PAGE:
MathOverflow is a question and answer site for professional mathematicians. Join them; it only takes a minute:

Sign up
Here's how it works:
  1. Anybody can ask a question
  2. Anybody can answer
  3. The best answers are voted up and rise to the top

Let $~f:\mathbb{C}^2 \rightarrow \mathbb{C}$ be a holomorphic function vanishing at the origin, with the following properties: $$ f_{00}, ~f_{10}, ~f_{01}, ~f_{20}, ~f_{11} =0,~~f_{20} \neq 0 \qquad \text{where} \qquad f_{ij} := \frac{\partial^{i+j} f(x,y)}{\partial x^i y^j}|_{(0,0)}.$$ What this means is that at the origin, the derivative of $f$ vanishes, plus the tangent vector $ \partial_x $ is in the Kernel of the Hessian of $f$. Moreover, the Hessian is not identically zero.

Hence, we can write the Taylor expansion of $f$ as $$ f = A_0(x) + A_1(x) y + A_2(x) y^2 + \ldots, \qquad \text{where} \qquad A_2(0) \neq 0.$$ Now it is easy to see (using the fact that $A_2(0) \neq 0$ and the implicit function theorem) that one can make a change of coordinates $y = \tilde{y}+ B(x)$, so that $f$ becomes $$f = \hat{A}_0(x) + \hat{A}_2(x) \tilde{y}^2 + \ldots \qquad \text{ie} \qquad \hat{A}_1(x) =0.$$ This is an explicit procedure, ie $B(x)$ and $\hat{A}_0(x)$ can be computed as power series in $x$ and the coefficients of $x^n$ will just be some functions of the original $f_{ij}$. Suppose $$ \hat{A}_0(x) = C_k x^k + C_{k+1} x^{k+1} + \ldots $$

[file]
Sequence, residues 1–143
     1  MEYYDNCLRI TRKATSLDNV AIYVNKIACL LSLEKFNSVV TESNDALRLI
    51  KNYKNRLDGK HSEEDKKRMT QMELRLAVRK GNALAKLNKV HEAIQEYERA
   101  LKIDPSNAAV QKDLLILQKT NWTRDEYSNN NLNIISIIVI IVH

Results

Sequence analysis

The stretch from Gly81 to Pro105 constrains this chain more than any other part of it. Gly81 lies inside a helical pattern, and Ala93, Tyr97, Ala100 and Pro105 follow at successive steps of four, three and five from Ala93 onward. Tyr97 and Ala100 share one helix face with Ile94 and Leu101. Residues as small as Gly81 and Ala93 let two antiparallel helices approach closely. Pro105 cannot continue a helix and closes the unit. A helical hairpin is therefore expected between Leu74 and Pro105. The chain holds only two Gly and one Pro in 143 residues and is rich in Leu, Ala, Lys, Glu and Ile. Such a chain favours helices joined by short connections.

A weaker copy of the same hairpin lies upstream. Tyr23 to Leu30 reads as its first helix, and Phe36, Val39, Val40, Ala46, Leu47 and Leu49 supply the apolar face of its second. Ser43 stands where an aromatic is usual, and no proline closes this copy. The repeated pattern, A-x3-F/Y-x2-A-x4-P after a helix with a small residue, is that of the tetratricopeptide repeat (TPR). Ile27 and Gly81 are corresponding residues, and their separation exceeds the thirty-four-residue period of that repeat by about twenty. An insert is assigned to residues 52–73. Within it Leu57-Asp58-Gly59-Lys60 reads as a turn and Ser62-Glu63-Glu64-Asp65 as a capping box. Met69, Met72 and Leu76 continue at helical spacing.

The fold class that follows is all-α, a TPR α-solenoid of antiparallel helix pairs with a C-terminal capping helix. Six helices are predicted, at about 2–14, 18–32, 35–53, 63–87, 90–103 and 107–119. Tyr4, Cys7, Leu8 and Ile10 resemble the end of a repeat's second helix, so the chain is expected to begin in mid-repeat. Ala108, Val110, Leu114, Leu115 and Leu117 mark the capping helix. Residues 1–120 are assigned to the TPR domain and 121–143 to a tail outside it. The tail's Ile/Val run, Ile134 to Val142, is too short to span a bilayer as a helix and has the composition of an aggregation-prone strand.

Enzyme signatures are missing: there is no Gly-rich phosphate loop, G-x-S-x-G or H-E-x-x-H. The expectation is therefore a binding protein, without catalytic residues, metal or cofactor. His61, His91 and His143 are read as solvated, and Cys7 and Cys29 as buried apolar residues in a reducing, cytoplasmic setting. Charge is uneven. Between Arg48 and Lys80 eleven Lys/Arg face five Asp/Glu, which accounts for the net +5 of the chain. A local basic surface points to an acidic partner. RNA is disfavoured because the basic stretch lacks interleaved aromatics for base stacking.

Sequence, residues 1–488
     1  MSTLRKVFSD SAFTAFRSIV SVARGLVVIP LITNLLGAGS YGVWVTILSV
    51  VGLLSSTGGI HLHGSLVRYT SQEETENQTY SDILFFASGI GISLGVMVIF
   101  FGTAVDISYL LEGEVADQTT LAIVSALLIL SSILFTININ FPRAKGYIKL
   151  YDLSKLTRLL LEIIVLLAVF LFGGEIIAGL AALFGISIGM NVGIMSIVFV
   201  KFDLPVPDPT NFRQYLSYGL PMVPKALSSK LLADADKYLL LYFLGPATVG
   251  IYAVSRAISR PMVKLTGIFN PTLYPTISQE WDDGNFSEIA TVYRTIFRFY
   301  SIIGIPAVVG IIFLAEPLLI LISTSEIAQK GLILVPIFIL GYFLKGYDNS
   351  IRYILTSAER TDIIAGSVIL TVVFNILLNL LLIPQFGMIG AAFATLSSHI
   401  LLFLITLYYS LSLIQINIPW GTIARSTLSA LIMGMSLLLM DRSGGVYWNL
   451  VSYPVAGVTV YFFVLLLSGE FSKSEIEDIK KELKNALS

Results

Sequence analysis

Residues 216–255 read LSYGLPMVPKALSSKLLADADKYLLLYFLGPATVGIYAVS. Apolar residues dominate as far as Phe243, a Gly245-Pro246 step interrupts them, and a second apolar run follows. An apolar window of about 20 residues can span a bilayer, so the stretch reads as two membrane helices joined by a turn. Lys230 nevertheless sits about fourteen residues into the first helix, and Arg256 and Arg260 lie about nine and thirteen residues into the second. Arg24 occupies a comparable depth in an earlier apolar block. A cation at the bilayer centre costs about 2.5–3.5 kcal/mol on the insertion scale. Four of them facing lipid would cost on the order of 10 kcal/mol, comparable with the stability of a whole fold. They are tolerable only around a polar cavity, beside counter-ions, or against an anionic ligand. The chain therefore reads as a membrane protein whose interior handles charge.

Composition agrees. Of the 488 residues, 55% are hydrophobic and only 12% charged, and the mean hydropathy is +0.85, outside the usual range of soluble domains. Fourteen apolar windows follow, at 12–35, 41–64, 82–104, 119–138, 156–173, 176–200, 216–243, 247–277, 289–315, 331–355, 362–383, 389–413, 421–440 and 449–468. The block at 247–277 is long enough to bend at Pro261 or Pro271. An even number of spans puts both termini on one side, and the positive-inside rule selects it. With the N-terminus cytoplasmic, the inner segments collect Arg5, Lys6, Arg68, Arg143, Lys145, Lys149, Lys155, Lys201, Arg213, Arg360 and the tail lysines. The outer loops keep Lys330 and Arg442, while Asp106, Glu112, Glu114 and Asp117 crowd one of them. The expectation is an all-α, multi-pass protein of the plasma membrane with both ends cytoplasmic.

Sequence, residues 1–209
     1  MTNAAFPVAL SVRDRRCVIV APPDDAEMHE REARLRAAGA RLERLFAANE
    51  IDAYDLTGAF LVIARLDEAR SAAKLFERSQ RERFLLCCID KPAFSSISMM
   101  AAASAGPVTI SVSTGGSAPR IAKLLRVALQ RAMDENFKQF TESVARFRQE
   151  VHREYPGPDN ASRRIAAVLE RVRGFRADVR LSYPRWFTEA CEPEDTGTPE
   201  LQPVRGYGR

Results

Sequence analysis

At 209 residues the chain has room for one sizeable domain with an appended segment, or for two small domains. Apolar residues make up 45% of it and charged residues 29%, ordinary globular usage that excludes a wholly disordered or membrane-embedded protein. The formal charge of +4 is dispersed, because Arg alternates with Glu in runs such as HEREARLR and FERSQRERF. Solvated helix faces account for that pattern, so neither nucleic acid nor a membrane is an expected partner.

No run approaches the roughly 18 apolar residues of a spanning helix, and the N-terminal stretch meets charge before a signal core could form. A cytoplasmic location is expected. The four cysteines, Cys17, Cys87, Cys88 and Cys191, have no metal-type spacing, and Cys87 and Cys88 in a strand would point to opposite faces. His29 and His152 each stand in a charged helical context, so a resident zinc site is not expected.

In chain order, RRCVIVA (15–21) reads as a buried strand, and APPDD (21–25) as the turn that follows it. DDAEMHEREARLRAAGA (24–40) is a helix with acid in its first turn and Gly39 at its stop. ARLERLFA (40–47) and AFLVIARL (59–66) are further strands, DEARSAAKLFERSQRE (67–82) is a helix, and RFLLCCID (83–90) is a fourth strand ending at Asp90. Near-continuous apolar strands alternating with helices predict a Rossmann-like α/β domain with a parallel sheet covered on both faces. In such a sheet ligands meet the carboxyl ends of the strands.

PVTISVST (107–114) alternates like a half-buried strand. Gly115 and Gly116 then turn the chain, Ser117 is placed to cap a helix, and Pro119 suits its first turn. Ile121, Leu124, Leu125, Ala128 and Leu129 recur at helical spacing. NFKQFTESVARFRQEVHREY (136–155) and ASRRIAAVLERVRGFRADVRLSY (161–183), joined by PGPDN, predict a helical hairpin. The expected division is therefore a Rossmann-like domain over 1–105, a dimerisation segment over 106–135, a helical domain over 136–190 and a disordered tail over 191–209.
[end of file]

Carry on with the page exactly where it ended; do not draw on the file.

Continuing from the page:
My question: Is the quantity $C_k$ is invariant under $y \rightarrow y+x$?

Note that under the transformation $y \rightarrow y+x$, the $f_{ij}$ are all going to change. But the precise combination that makes up $C_k$, is going to be unchanged. That is the claim.

One can explicitly check this claim for each $k$. I believe there should be some obvious reason why this is true from the way those $C_k$ were obtained. But I don't see it immediately.

I intuitively expect this to be true because of the following reason: The direction $\partial_x$ is a special direction, ie the hessian vanishes along $\partial_x$. But, there is nothing really special about the direction $\partial_y$. It belongs to the quotient space $ T\mathbb{C}^2/ < \partial_x>$ (and not the orthogonal complement with respect to some metric).

$\textbf{Not sure if relevant, but might help with the understanding:}$
The significance of these $C_k$ is that it gives us a necessary and sufficient criteria for the curve $f=0$ to have a singularity of type $A_{k-1}$ at the origin (ie it can be written as $v^2 + u^{k} =0$ after a change of coordinates). If $C_i =0$ till $i=k-1$ and $C_{k} \neq 0$ then, the curve has an $A_{k-1}$ singularity at the origin as can easily be seen by a change of coordinates.

share|cite|improve this question

Your Answer


By posting your answer, you agree to the privacy policy and terms of service.

Browse other questions tagged or ask your own question.